At 3 years old, Miguel Rebolledo ate paella for the first time. When he was 6, he made the dish himself. Now, more than 30 years later, Chef Rebolledo has perfected the age-old plate, fusing traditional Spanish techniques with Miami flavor.
Rebolledo, executive chef of Bulla Doral, which is scheduled to open early this year, along with Diego Solano of Bulla Coral Gables, will lead an intimate cooking demonstration for paella tonight at Bulla Coral Gables. Expect Rebolledo to share secrets he learned from renowned Spanish chefs José Andrés and Ferran Adrìa about how to make the most authentic version of the dish.
"Paella is the name for the pan," Rebolledo says. "Almost anything you cook in the paella pan is called paella. Around here, you can find all different types of things in a paella, like chorizo or plantains. But we never put that inside paella in Spain. We want to show people how to make the real thing from my country."
Considered Spain's national dish, paella is a Valencian-born rice plate that originated in the mid-19th Century. Rebolledo, who was born and raised in Santander, Spain, grew up eating various versions of paella and associates the dish with family.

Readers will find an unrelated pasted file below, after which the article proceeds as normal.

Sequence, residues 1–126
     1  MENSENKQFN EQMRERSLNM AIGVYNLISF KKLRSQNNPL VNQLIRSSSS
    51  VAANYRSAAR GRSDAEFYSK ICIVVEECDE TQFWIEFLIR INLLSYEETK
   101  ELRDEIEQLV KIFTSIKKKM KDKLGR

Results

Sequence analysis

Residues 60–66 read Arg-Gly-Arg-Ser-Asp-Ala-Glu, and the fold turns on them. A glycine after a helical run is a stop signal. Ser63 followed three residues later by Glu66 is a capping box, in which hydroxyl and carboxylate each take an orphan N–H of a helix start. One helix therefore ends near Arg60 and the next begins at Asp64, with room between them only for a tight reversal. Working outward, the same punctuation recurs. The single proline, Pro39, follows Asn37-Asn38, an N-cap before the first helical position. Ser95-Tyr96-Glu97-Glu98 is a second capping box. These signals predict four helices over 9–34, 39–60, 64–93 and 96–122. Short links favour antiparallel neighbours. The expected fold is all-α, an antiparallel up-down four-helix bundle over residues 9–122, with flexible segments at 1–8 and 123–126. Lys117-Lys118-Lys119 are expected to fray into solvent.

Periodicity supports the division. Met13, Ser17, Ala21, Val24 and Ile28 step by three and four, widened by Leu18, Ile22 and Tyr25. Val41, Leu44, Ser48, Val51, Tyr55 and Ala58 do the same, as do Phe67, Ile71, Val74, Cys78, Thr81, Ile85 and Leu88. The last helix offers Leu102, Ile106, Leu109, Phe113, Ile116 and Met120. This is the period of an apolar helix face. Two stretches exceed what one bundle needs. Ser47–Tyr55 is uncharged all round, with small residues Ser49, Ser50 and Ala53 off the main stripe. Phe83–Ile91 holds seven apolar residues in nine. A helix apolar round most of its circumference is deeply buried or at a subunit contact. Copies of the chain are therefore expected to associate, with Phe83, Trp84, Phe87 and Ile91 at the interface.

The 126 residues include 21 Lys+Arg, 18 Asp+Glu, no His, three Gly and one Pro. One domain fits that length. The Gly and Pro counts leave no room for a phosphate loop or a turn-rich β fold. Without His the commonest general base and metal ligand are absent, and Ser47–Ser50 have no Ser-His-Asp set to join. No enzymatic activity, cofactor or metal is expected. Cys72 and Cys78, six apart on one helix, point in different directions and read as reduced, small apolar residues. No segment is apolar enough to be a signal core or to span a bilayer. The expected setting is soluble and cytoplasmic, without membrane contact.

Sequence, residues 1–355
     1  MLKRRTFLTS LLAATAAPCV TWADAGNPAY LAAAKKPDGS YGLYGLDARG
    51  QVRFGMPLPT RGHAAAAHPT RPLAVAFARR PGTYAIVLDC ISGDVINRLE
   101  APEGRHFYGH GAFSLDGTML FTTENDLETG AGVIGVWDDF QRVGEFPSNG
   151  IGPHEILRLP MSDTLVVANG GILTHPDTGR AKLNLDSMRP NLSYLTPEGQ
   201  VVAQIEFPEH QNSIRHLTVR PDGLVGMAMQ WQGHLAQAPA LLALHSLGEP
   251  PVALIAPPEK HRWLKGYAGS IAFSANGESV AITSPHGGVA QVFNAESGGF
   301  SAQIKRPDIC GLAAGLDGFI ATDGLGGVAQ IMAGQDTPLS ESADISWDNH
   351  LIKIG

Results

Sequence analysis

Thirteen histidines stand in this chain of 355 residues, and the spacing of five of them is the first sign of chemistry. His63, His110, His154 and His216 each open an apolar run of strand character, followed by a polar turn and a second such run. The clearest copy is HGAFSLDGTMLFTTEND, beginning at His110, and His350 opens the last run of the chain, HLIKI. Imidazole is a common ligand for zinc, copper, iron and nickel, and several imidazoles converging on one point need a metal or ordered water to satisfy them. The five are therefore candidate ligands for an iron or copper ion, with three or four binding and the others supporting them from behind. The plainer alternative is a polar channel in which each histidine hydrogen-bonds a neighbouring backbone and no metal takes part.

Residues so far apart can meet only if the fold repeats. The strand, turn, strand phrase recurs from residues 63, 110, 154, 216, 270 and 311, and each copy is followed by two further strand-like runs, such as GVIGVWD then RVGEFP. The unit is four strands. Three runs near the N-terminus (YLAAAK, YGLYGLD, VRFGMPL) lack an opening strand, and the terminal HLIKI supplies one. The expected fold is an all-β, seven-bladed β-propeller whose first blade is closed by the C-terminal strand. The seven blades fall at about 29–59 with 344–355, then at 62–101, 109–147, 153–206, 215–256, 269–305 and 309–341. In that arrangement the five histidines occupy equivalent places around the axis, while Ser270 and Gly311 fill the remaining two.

"The city I'm from has a lot of seafood," he says. "And on weekends in the summertime, my family would go to the beach and either make paella or go to a restaurant to eat it. It was the thing to do."
Though many Miami eateries offer spins on paella, Rebolledo says there are a few factors that set the authentic version apart from all others.
"When people make paella around here, they use all different types of rice," Rebolledo says. "In Spain, we don't do that. You need a rice that takes the flavor from the broth and the sofrito sauce."
Rebolledo recommends using bomba rice, a short-grain variety that absorbs the weight and flavor of the paella broth. Making a strong broth for the paella base and a savory sofrito sauce are important factors too.
"To make a good sofrito, you need a lot of onions, tomatoes, and rich ingredients," he says. "It also takes about three to four hours to cook. It's almost like a tomato sauce. If you make the sofrito strong and the broth thick, the paella will turn out right."
The dish might sound complicated, but Rebolledo says it's worth it.
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"If somebody shows you how to make it, it's actually easy to do it again," he says. "It's also supposed to be fun and get family and friends together. Everyone makes something to put in the paella, and afterward, you all eat it together. It's really nice."
The demonstration begins at 6 p.m., and tickets cost $65 per person, which includes dinner, a copy of Bulla’s famous paella recipe, and a signed certificate of completion making each attendee a “Profesional Paella Participante." Tickets are available at coralgableschamber.org/events.
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